Djokovic reaches new milestones in impressive Wimbledon win


The tennis great is now through to the Grand Slam’s quarter-finals for the 13th time

Novak Djokovic made history once more on Sunday by seeing off Tim Van Rijthoven to book his place in the quarter-finals at Wimbledon.

The win was Djokovic’s 25th consecutive victory at tour-level on grass, which is the third longest streak of this nature in the Open era.

But his 25th successive victory at Wimbledon overall meant he also drew level with childhood hero Pete Sampras in fourth place for the longest unbeaten run at SW19 in the Open era, and also kept his hopes alive of leveling the American legend with seven triumphs at the British Grand Slam too. 

With his 83rd career win at Wimbledon also achieved, two more can see Djokovic pass Jimmy Connors with the second-most at the competition behind leader Roger Federer (105).

In an emotional post-match interview, Djokovic spoke about the special place that Centre Court has become for him and reminisced about how the first tennis match he ever watched on television as a four or five-year-old child in Serbia was Sampras winning his first title there.  

Djokovic’s memory was slightly off in that he would have actually been six when Sampras clinched his maiden Wimbledon crown in 1993.

But still, the landmark “inspired me a lot” he said, and “made me fall in love with this beautiful sport”.

“Since then I always dreamed of playing on this court, of winning Wimbledon, and now I’ve had that blessing and privilege to win it more than once.

“Every time I step out on the court you can feel the uniqueness, just special, everything is special about the court. All white, no advertisement, everything is focused on players and tennis. Thank you for being here, and making it even nicer,” he said to those in attendance.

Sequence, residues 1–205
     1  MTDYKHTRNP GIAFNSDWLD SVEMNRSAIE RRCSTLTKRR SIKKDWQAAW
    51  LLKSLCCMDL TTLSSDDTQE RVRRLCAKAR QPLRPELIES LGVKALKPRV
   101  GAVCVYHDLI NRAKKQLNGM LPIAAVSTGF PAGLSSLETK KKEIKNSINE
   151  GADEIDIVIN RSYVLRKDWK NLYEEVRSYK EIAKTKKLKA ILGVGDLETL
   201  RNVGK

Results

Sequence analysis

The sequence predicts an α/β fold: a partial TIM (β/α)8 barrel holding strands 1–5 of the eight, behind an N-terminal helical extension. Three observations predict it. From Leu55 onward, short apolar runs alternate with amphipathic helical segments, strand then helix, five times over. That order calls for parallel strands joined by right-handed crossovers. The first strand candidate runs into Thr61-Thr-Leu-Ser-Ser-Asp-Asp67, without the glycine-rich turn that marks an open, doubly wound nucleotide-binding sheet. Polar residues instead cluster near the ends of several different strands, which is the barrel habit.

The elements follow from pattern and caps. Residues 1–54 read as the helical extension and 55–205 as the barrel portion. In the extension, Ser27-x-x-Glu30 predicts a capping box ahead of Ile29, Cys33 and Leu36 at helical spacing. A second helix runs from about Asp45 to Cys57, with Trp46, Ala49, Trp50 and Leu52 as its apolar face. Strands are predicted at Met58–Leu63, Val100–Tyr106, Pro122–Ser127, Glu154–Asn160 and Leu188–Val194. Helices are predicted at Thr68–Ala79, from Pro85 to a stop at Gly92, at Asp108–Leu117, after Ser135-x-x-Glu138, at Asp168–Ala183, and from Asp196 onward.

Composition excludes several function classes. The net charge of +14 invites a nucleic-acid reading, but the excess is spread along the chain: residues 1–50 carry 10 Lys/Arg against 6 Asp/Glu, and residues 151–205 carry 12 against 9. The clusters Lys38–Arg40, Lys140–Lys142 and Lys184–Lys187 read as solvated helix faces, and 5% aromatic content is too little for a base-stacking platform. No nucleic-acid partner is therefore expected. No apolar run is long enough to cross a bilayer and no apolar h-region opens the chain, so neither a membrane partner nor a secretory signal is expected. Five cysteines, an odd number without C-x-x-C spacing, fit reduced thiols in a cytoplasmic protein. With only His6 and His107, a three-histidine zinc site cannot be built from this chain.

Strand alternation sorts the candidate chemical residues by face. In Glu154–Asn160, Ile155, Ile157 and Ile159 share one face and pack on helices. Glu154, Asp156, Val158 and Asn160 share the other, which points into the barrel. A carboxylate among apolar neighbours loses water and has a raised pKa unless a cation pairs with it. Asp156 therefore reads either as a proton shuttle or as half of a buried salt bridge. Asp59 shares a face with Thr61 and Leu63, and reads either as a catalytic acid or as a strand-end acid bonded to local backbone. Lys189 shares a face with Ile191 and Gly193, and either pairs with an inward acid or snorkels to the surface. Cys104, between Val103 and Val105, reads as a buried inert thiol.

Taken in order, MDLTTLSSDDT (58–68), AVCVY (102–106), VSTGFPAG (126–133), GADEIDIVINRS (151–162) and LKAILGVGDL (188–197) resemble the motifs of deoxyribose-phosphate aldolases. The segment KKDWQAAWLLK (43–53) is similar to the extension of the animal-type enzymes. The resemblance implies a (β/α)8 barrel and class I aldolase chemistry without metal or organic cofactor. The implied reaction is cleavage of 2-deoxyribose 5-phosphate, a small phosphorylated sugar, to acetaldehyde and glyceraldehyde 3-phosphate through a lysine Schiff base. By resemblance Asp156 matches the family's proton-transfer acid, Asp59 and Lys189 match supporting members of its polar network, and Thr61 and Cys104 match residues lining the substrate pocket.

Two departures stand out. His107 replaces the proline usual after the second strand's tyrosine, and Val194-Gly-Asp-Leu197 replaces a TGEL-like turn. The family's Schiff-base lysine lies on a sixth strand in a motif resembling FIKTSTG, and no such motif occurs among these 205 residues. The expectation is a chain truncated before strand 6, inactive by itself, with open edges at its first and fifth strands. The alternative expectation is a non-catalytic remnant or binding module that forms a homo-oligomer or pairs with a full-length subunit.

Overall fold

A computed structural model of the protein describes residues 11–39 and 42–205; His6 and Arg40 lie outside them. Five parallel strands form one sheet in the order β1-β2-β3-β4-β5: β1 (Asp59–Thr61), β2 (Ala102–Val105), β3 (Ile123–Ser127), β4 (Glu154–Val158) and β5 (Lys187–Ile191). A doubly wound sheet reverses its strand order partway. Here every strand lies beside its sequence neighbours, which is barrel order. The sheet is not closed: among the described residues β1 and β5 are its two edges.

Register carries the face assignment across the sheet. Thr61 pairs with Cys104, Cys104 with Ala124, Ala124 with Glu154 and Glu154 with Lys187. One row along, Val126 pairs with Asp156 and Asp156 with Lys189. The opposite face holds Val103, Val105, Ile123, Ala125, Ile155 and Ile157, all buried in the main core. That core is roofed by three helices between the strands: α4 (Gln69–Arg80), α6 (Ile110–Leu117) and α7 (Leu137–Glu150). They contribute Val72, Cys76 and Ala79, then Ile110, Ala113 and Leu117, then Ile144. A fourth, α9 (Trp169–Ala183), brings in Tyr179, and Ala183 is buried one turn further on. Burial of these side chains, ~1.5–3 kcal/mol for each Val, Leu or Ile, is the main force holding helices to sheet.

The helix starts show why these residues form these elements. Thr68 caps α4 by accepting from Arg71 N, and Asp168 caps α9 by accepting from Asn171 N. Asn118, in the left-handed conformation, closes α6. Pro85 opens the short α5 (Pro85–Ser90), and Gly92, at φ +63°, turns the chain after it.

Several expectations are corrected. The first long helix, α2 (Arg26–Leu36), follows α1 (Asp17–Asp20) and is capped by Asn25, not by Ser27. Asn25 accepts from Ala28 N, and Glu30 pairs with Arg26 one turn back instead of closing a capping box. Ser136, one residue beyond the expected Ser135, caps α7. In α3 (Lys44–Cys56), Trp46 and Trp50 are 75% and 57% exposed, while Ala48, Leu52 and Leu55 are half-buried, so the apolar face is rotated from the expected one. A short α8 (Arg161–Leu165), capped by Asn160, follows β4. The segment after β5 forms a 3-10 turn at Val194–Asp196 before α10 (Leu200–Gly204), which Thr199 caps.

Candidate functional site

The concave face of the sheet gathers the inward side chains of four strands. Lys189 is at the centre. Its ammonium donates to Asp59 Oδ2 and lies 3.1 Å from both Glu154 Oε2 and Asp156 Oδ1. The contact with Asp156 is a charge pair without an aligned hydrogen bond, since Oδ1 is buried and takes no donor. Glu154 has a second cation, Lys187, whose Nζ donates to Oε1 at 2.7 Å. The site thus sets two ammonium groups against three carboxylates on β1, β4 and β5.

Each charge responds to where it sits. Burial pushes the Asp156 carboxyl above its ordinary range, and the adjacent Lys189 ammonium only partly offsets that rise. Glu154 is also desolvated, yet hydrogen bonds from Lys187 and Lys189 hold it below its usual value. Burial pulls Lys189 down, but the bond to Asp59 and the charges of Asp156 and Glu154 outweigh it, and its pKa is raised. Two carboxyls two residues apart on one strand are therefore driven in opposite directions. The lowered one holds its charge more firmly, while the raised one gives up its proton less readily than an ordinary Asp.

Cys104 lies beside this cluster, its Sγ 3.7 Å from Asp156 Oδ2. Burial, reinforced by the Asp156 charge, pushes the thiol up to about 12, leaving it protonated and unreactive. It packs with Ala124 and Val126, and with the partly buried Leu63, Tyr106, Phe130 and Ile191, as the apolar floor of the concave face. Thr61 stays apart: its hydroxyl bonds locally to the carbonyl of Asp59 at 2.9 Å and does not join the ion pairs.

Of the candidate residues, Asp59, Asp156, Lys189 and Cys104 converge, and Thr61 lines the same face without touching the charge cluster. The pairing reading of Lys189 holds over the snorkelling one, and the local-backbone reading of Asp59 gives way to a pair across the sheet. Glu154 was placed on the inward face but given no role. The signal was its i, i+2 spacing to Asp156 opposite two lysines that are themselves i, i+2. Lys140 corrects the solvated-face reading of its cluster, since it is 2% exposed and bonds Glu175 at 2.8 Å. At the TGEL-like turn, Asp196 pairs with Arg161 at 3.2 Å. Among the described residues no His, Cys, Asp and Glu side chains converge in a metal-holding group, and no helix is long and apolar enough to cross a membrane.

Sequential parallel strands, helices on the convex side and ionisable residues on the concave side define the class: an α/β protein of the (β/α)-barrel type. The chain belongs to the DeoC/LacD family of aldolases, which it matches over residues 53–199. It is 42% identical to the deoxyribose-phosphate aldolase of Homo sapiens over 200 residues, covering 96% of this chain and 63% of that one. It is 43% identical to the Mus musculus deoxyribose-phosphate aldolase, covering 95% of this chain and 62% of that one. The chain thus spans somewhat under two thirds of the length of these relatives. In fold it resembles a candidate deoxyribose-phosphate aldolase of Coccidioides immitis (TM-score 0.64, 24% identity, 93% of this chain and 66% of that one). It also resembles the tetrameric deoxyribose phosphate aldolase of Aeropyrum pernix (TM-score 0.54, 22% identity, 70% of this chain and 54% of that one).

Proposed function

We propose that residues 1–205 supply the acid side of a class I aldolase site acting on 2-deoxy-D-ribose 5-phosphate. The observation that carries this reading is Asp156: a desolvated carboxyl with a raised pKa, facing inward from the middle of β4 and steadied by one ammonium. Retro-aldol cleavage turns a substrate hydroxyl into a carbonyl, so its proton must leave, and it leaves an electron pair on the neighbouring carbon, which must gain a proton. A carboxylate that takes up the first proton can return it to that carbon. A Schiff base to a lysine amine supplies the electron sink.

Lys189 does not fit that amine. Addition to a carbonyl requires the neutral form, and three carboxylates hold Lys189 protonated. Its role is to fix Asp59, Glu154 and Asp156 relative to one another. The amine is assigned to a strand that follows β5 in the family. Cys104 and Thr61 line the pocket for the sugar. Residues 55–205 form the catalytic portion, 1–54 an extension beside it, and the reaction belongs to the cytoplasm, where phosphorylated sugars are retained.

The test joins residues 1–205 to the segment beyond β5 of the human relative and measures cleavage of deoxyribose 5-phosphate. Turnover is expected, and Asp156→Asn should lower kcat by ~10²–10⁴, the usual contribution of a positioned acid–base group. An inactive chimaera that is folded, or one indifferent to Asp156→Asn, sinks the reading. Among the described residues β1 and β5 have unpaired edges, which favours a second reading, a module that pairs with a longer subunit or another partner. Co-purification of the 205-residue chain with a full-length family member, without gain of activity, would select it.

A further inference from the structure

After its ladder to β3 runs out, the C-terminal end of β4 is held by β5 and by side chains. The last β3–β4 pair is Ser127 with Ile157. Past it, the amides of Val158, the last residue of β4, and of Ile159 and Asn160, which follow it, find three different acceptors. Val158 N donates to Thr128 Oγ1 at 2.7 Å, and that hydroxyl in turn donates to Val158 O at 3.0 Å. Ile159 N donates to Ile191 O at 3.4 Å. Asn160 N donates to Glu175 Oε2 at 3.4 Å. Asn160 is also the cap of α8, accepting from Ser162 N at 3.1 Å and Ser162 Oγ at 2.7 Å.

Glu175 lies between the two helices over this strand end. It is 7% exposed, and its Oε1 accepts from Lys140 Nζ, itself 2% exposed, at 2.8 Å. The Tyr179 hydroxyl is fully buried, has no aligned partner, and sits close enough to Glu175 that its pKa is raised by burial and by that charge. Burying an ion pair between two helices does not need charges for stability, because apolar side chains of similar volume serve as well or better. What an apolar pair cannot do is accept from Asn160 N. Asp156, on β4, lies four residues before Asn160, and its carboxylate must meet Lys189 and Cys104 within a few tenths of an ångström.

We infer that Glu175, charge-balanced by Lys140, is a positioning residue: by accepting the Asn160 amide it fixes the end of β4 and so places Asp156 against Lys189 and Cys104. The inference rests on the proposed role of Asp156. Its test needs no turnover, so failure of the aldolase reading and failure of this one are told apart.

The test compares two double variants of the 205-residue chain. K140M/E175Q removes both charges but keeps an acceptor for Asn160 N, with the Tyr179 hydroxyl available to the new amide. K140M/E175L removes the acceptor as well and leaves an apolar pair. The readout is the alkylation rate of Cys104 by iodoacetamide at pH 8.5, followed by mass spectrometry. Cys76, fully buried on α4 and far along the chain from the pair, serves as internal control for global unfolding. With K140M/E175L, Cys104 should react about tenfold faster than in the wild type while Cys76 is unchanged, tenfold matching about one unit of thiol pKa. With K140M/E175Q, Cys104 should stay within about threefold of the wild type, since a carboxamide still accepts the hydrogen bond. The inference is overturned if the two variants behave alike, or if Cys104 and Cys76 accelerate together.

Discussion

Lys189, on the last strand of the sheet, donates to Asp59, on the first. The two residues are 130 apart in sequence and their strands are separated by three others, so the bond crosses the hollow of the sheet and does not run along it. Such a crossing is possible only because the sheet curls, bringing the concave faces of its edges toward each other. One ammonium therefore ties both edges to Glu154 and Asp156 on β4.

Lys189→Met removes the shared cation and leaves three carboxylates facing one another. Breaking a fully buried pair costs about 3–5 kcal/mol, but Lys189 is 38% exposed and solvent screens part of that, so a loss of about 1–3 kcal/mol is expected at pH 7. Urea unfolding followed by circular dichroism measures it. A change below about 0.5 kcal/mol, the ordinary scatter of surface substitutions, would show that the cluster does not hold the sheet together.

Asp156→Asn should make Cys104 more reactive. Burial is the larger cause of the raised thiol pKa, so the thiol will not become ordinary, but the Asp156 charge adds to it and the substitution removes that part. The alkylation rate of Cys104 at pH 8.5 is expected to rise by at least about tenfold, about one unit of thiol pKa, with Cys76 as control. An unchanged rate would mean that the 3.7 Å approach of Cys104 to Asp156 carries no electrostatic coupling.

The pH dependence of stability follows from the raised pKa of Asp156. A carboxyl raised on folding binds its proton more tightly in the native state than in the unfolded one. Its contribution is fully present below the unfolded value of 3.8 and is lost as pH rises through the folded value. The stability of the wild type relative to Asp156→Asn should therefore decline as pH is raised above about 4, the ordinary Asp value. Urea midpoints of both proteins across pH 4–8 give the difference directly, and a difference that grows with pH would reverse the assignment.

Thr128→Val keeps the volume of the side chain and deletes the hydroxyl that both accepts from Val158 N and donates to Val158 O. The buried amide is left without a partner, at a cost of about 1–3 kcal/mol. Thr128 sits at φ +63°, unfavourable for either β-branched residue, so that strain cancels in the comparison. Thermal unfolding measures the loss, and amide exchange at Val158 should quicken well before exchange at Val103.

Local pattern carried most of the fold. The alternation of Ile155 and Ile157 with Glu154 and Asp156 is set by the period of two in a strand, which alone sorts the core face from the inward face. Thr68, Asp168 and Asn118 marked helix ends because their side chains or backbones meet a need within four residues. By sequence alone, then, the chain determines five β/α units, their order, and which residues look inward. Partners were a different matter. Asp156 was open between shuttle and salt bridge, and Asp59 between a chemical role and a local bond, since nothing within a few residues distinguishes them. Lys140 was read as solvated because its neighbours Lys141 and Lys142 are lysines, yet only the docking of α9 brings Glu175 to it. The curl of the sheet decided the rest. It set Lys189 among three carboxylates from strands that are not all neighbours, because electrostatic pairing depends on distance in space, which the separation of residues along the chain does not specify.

The Serb booked his place in a 13th quarter-final at Wimbledon by beating his opponent 6-2, 4-6, 6-1, 6-2 in a match that saw him also pip the local 11pm curfew by 20 minutes. 

Taking the first set with ease, Djokovic suffered a scare in the 50-minute second set won by his 104th ranked foe who had the Centre Court crowd behind him for a spell.

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Leaving no doubt, though, the 35-year-old veteran roared back to take the third and fourth sets 6-1, 6-2 and set up a meeting with Jannik Sinner on Tuesday. 

Elsewhere in his interview, Djokovic described Van Rijthoven as a “very tough” opponent as a new face on the tour. 

“He was on the streak on this surface and I knew it wasn’t going to be easy, with that serve, and a lot of talent, a great touch, a powerful forehand.

“He can do a lot of damage and it took me a bit of time to get used to his pace. The conditions under the roof are a little bit different … it takes a bit of time, a bit of adjustment … but overall I closed out the match well,” Djokovic went on.

Furthermore, Djokovic was relieved to beat the curfew and not have the match run into a second day. 

“I’ve had some previous experiences, playing two days under the roof, with [Rafael] Nadal some years ago. It’s never really pleasant if you can’t finish the match in the same day. I’m glad I did and I’m just looking forward to the next challenge,” he concluded.

This will come against Sinner, who should provide a tougher assignment after having just beaten Nadal’s compatriot and a figure considered the future of Spanish tennis and the sport in general in Carlos Alcaraz, also on Sunday.

A rookie himself, 20-year-old Italian Sinner became the youngest player to reach this stage of the competition since 2014.

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